Through sixty-four days of a hunger strike, the longest in the history of the Israeli-Palestinian conflict, Randa Adnan has only been allowed to visit her husband twice, for a total of an hour, and each time surrounded by armed guards.

She speaks in a rush, a slight desperation in her otherwise resolute voice, as if time is running out and she must finish what she has to say before it is too late. Her two young daughters hang off her, demanding much of a woman who is dealing with a problem they do not fully comprehend.

“How can I tell my girls that they cannot bring sandwiches and juice to their father in the hospital,” she says, holding four-year-old Maali in her arms, who has the blue eyes of her father. The first time Maali visited the hospital with her mother she did not speak, hardly recognising the emaciated man that lay on the bed calling her name. Now she wakes up at night often, her mother says, crying out for her dad.

The full article can be read here

For additional original analysis and breaking news, visit +972 Magazine's Facebook page or follow us on Twitter. Our newsletter features a comprehensive round-up of the week's events. Sign up here.

Before you go...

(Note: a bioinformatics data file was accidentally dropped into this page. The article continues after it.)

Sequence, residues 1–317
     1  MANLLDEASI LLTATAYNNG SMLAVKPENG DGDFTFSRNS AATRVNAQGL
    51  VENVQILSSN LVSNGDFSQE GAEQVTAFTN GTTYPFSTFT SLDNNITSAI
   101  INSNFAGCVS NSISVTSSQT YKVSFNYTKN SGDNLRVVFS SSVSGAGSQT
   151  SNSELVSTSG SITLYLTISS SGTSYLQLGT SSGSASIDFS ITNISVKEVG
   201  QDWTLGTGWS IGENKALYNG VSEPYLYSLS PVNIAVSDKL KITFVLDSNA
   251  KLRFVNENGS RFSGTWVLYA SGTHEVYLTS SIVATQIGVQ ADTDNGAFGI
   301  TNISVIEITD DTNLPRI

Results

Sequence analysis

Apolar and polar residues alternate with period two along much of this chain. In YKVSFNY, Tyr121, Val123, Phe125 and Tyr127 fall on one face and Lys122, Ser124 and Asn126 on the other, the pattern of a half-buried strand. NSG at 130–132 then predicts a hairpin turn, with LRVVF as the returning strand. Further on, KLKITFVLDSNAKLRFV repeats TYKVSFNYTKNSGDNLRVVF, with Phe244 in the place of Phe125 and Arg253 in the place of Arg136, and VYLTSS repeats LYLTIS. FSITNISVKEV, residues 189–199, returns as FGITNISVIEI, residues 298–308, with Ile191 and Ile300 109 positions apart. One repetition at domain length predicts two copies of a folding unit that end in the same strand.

A lot of work goes into creating articles like the one you just read. And while we don’t do this for the money, even our model of non-profit, independent journalism has bills to pay.

+972 Magazine is owned by our bloggers and journalists, who are driven by passion and dedication to the causes we cover. But we still need to pay for editing, photography, translation, web design and servers, legal services, and more.

As an independent journalism outlet we aren’t beholden to any outside interests. In order to safeguard that independence voice, we are proud to count you, our readers, as our most important supporters. If each of our readers becomes a supporter of our work, +972 Magazine will remain a strong, independent, and sustainable force helping drive the discourse on Israel/Palestine in the right direction.

Support independent journalism in Israel/Palestine Donate to +972 Magazine today
View article: AAA
Share article
Print article
  • LEAVE A COMMENT

    * Required